Factors ID'd for Mortality in Nursing Home Residents With COVID-19
Increased age, male sex, impaired cognitive and physical function associated with increased odds of 30-day mortality
MONDAY, Jan. 4, 2021 (HealthDay News) -- For nursing home residents with COVID-19, the odds of 30-day mortality are increased with older age, male sex, and impaired cognitive and physical function, according to a study published online Jan. 4 in JAMA Internal Medicine.
Orestis A. Panagiotou, M.D., Ph.D., from the Brown University School of Public Health in Providence, Rhode Island, and colleagues identified risk factors for 30-day all-cause mortality among 5,256 nursing home residents with COVID-19-related symptoms and confirmed severe acute respiratory syndrome coronavirus 2 infection at 351 U.S. nursing homes.
The researchers found that the odds of death were 1.46, 1.59, and 2.14 times higher for residents aged 80 to 84, 85 to 89, and 90 years or older compared with those aged 75 to 79 years. Compared with men, women had a lower risk for 30-day mortality (odds ratio, 0.69). Diabetes and chronic kidney disease were associated with mortality (odds ratios, 1.21 and 1.33, respectively). An increased risk for 30-day mortality was also seen in association with fever, shortness of breath, tachycardia, and hypoxia (odds ratios, 1.66, 2.52, 1.31, and 2.05, respectively). The odds of death were increased for residents with moderate cognitive impairment and severe cognitive impairment compared with cognitively intact residents (odds ratios, 2.09 and 2.79, respectively) and for those with moderate and severe versus no or limited impairment in physical function (odds ratios, 1.49 and 1.64, respectively).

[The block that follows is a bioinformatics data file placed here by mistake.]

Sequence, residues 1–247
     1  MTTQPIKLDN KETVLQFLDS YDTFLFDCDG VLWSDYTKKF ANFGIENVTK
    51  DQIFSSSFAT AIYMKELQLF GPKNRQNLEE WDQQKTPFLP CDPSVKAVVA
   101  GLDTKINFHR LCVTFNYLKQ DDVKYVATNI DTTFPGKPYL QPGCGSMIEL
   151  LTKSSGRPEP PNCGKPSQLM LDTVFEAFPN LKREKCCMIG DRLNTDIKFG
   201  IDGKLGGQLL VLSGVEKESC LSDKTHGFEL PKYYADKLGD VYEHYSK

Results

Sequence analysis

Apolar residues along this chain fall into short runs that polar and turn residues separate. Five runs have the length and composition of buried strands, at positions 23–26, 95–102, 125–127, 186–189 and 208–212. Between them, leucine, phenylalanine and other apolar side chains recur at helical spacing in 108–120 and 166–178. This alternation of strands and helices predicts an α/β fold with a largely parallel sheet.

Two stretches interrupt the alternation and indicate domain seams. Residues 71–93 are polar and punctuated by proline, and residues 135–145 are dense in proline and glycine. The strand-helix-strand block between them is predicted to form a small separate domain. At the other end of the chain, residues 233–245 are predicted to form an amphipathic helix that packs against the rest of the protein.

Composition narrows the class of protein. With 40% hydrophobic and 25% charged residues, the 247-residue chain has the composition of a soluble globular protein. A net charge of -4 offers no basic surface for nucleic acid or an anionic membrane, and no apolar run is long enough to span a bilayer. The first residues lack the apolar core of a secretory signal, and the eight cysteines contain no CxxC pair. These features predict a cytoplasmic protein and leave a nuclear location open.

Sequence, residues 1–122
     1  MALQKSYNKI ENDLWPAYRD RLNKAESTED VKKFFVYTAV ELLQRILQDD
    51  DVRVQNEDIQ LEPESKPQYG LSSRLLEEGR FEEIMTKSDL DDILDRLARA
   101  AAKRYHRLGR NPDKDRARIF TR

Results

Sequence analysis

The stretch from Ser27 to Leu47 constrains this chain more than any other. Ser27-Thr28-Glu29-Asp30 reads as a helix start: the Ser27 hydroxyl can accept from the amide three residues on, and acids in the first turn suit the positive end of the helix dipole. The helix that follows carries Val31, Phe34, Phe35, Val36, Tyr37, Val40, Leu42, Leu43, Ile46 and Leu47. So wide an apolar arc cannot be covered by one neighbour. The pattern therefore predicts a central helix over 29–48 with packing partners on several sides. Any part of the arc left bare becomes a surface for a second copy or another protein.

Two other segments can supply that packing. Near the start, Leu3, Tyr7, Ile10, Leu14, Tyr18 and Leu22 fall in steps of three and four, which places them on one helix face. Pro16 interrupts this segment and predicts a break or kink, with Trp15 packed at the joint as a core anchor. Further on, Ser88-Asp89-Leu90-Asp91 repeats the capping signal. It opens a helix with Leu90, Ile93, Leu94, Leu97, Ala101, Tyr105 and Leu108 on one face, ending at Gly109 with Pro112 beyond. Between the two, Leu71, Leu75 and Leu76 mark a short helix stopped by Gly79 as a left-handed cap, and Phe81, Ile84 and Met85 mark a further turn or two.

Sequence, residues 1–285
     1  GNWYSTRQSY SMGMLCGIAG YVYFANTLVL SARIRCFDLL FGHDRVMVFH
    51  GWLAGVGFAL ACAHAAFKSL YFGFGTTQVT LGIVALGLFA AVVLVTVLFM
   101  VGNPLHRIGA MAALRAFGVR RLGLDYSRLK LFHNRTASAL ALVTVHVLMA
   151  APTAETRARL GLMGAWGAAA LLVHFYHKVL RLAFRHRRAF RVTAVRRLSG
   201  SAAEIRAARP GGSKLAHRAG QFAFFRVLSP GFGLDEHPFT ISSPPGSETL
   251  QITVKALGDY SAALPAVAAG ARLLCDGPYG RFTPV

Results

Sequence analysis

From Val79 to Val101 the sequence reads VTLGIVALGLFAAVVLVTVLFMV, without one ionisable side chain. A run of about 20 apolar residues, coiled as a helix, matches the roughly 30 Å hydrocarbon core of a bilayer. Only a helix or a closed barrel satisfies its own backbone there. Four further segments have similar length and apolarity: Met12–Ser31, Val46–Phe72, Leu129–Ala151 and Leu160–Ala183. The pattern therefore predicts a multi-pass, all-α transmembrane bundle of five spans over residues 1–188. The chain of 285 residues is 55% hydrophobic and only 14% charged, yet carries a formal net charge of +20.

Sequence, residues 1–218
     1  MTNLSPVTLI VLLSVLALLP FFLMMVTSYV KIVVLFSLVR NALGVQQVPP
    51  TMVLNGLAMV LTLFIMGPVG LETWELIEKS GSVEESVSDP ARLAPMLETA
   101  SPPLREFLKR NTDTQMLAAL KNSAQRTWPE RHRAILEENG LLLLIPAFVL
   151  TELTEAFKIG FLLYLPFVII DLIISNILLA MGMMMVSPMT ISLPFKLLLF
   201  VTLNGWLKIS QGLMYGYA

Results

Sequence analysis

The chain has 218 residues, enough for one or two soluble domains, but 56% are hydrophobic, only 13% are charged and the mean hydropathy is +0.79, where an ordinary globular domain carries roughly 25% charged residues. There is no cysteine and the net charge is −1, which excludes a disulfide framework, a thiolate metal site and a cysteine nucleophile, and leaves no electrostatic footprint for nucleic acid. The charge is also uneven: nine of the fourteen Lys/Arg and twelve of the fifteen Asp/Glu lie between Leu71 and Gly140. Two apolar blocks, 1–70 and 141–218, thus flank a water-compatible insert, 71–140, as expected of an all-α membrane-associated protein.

"These findings can be used to aid in prognostication and risk stratification in this population to inform treatment decisions and conversations around goals of care," the authors write.
Several authors disclosed financial ties to health care industries.